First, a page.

During the first all-sky survey with imaging X-ray telescopes also the Vela
constellation has been mapped by ROSAT. This is a region in the sky well
known to astronomers. In soft X-rays the Vela region is dominated by a huge
and bright supernova remnant, the Vela supernova remnant, with a diameter of
almost 200 light years, which still continues to expand at supersonic speed.
More than 10.000 years ago a star exploded as a gigantic supernova and it
gave rise to the clouds of hot gas which we see today. (Outside of the
boundary of the explosion cloud Dr. Bernd Aschenbach has discovered numerous
fragments of the progenitor star, a result which has been published in
"Nature" in March 1995.)
When Dr. Aschenbach was analyzing the Vela supernova remnant in a way
differing from standard software routines developed for ROSAT, in particular
by extracting only the highest energy photons accessible with ROSAT, the
image of the Vela supernova remnant changed drastically. For photon energies
greater than 1300 electron volts the soft X-rays of the Vela supernova
remnant had disappeared almost completely and a previously unknown, fairly
circular emission region of about 2 degrees diameter, which is about four
times the size of the full moon, emerged at the south-east corner of the
Vela remnant (c.f. the pictures attached).
"We were stunned; there is no way around, this is a new supernova remnant",
Dr. Aschenbach says enthusiastically. "There are no other X-ray sources in
the sky we know of which show this sort of shape and brightness distribution,
except supernova remnants". The previously unknown object was named
"RX J0852.0-4622" according to the position in the sky.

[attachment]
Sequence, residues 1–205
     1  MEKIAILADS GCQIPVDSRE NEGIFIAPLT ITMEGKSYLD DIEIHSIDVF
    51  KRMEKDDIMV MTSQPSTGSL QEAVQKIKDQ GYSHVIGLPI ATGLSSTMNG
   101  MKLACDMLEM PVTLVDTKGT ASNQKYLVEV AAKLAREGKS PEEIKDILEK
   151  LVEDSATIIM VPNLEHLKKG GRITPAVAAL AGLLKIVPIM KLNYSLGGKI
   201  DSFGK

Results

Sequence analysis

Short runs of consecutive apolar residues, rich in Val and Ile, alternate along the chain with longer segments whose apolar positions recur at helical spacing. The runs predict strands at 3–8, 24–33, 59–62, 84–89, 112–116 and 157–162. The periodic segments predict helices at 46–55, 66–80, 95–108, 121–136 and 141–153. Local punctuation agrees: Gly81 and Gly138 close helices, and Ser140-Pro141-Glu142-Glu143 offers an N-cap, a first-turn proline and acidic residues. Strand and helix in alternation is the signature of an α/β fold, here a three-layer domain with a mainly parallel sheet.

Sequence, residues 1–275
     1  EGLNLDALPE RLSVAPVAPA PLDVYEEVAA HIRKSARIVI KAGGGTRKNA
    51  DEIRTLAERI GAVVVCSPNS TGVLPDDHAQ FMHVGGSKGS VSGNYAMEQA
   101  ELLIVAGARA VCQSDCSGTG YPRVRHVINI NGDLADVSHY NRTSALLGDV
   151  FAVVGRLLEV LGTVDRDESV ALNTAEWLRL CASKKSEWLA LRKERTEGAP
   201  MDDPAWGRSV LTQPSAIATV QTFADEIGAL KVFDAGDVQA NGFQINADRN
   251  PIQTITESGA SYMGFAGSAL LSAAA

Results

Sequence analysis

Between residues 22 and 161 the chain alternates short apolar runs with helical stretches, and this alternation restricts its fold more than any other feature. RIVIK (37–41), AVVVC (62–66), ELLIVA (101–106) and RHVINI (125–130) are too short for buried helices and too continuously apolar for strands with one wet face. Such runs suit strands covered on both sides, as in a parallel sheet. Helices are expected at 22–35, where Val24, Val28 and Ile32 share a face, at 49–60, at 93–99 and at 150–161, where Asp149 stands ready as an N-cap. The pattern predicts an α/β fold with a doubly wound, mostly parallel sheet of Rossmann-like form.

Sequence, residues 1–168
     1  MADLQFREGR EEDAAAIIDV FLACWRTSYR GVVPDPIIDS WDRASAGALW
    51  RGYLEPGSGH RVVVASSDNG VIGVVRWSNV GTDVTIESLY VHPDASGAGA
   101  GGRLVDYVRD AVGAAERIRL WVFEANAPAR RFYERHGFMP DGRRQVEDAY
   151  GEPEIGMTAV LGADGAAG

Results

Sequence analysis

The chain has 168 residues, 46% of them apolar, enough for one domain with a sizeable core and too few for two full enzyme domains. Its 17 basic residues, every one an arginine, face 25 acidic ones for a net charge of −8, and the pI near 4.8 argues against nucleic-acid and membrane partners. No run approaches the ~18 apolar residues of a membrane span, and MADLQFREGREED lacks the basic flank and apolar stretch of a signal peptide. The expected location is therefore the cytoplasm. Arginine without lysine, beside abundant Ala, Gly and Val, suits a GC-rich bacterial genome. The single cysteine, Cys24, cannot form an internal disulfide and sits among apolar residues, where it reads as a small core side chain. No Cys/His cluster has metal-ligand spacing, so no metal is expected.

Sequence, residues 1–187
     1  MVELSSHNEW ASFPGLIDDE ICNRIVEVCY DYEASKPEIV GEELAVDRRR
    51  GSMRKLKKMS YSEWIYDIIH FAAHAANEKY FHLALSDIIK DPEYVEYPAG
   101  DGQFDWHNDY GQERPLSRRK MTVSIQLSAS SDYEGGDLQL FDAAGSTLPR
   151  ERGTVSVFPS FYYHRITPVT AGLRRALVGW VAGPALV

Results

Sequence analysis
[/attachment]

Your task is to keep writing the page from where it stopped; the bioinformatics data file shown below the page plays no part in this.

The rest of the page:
Further analysis showed: "RX J0852.0-4622" is extremely hot at a temperature
of about 30,000,000 Kelvin. This means: "RX J0852.0-4622" is a very young
object, otherwise it would have cooled down to much lower temperatures
already. But because "RX J0852.0-4622" is young it could have reached the
angular extent of 2 degrees only if it is relatively close to Earth,
otherwise just a small patch of X-ray emission would have been visible.
"Detailed analysis and comparison with the well-studied remnant of the
supernova which occurred in the year 1006 demonstrate that the new
supernova remnant can not be significantly older than 1500 years and it
can not be located at distances greater than 1000 parsec or 3300 light
years", Dr. Aschenbach explains. "And the low X-ray surface brightness of
"RX J0852.0-4622" can be attributed to a low matter density of just 0.04
gas and dust particles per cubic-centimeter, surrounding the star before it
exploded. This is indeed low compared with standard values being about 20
The case that "RX J0852.0-4622" is a supernova remnant was finally settled
by the gamma-ray astronomers. They specialize in studies of the gamma-ray emission